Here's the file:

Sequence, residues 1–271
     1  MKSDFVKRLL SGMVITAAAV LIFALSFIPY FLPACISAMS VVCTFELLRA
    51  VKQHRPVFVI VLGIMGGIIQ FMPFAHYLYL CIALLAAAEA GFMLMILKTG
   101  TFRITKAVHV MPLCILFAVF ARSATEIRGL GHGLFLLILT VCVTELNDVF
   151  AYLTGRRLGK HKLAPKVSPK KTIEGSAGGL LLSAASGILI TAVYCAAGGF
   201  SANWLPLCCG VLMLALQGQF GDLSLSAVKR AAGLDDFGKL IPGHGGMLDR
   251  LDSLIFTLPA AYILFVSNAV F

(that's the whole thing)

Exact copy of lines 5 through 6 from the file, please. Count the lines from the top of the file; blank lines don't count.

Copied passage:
   151  AYLTGRRLGK HKLAPKVSPK KTIEGSAGGL LLSAASGILI TAVYCAAGGF
   201  SANWLPLCCG VLMLALQGQF GDLSLSAVKR AAGLDDFGKL IPGHGGMLDR